(Courtesy of CCHR)
Wouldn’t a universal, proven cure for drug addiction be a good thing? And is it possible?
First, let’s clearly define what is meant by “cure.” For the individual a cure means complete and permanent absence of any overwhelming physical or mental desire, need or compulsion to take drugs. For the society it means the rehabilitation of the addict as a consistently honest, ethical, productive and successful member. In the 1970s, this first question would have seemed rather strange, if not absurd.
“Of course that would be a good thing!” and “Are you kidding?” would have been
Today, however, the responses are considerably different. A drug addict might answer, “Look, don’t talk to me about cures. I’ve tried every program there is and failed. None of them work.” Or, “You can’t cure heredity; my father was an alcoholic.” A layperson might say, “They’ve already cured it; methadone, isn’t it?” Or, “They’ve found it’s an incurable brain disease; you know, like diabetes, it can’t be cured.” Or even, “Science found it can’t be helped; it’s something to do with a chemical imbalance in the brain.”
Very noticeable would be the absence of the word, even the idea, of cure, whether amongst addicts, families of addicts, government officials, media or anywhere else.
In its place are words like disease, illness, chronic, management, maintenance, reduction and relapse. Addicts in rehab are taught to refer to themselves as “recovering,” never “cured.” Stated in different ways, the implicit consensus that has been created is that drug addiction is incurable and something an addict will have to learn to live with—or die with.
Is all hope lost?
Before considering that question, it is very important to understand one thing about drug rehabilitation today. Our hope of a cure for drug addiction was not lost; it was buried by an avalanche of false information and false solutions.
First of all, consider psychiatrists’ long-term propagation of dangerous drugs as “harmless”:
- In the 1960s, psychiatrists made LSD not only acceptable, but an “adventure” to tens of thousands of college students, promoting the false concept of improving life through “recreational,” mind-altering drugs.
- In 1967, US psychiatrists met to discuss the role of drugs in the year 2000. Influential New York psychiatrist Nathan Kline, who served on committees for the US National Institute of Mental Health and the World Health Organization stated, “In principle, I don’t see that drugs are any more abnormal than reading, music, art, yoga, or twenty other things—if you take a broad point of view.”
- In 1973, University of California psychiatrist, Louis J. West, wrote, “Indeed a debate may soon be raging among some clinical scientists on the question of whether clinging to the drug-free state of mind is not an antiquated position for anyone—physician or patient—to hold.”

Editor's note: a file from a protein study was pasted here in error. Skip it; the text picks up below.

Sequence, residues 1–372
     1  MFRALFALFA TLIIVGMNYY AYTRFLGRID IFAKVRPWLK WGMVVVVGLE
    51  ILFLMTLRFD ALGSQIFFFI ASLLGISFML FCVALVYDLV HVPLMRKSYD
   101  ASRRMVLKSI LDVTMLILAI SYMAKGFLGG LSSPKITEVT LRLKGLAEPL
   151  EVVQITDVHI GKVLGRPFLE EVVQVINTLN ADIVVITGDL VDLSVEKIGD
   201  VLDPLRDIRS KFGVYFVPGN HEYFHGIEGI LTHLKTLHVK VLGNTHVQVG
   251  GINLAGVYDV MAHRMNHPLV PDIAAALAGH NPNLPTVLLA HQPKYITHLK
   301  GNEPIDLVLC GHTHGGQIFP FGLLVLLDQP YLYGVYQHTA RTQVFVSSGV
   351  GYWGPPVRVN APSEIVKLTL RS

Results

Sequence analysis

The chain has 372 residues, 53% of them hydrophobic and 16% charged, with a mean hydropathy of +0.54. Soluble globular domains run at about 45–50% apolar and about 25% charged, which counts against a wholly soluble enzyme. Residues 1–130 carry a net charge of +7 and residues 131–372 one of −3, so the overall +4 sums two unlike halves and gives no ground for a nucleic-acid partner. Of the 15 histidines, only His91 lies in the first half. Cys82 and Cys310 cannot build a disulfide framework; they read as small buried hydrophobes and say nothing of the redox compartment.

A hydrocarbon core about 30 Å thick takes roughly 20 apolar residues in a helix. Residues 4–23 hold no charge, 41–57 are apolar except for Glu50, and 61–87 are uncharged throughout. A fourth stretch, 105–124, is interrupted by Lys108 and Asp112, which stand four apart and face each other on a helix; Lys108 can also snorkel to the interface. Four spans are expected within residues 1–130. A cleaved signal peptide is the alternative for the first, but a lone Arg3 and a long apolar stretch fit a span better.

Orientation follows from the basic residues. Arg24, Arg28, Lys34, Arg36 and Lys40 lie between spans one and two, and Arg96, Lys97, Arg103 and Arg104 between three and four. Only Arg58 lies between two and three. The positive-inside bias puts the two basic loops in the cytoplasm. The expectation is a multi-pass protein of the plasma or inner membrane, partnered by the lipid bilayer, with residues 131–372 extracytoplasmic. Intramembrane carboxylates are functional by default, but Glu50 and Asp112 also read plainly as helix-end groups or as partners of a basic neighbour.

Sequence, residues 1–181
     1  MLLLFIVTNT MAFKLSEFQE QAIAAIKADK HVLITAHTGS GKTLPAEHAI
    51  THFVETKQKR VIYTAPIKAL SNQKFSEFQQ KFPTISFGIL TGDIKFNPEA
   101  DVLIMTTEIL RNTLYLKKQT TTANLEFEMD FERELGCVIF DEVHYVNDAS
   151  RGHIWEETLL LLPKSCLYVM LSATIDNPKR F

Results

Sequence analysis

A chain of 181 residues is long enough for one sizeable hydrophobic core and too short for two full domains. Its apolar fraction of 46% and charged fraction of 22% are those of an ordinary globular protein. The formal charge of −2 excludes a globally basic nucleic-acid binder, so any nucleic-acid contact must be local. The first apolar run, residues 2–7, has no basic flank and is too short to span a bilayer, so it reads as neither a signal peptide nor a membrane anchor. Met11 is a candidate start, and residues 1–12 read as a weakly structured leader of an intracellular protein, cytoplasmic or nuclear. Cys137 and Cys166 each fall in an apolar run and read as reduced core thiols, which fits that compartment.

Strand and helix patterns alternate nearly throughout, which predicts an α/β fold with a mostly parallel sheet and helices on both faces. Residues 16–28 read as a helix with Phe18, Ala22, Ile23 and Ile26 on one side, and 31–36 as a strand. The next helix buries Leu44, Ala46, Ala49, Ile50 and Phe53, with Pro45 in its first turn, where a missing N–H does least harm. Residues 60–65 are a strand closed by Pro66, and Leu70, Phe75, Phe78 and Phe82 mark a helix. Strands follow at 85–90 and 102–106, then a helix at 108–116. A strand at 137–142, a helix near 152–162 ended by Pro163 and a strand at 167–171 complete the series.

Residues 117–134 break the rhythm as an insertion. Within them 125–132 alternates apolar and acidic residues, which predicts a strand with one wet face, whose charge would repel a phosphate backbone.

- In the 1980s, Californian psychiatric drug specialist, Ronald K. Siegel, made the outrageous assertion that being drugged is a basic human “need,” a “fourth drive” of the same nature as sex, hunger and thirst.
- In 1980, a study in the Comprehensive Textbook of Psychiatry claimed that, “taken no more than two or three times per week, cocaine creates no serious problems.”
- According to the head of the Drug Enforcement Administration’s office in Connecticut, the false belief that cocaine was not addictive contributed to the dramatic rise in its use in the 1980s.
- In 2003, Charles Grob, director of child and adolescent psychiatry at the University of California Harbor Medical Center believed that Ecstasy (hallucinogenic street drug) was potentially “good medicine” for treating alcoholism and drug abuse.
Today, drug regulatory agencies all over the world approve clinical trials for the use of hallucinogenic drugs to handle anything from anxiety to alcoholism, despite the drugs being known to cause psychosis.
The failure of the war against drugs is largely due to the failure to stop one of the most dangerous drug pushers of all time: the psychiatrist. The sad irony is that he has also established himself in positions enabling him to control the drug rehab field, even though he can show no results for the billions awarded by governments and legislatures. Governments, groups, families, and individuals that continue to accept his false information and drug rehabilitation techniques, do so at their own peril. The odds overwhelmingly predict that they will fail in every respect.
Drug addiction is not a disease. Real solutions do exist.
Clearing away psychiatry’s false information about drugs and addiction is not only a fundamental part of restoring hope, it is the first step towards achieving real drug rehabilitation.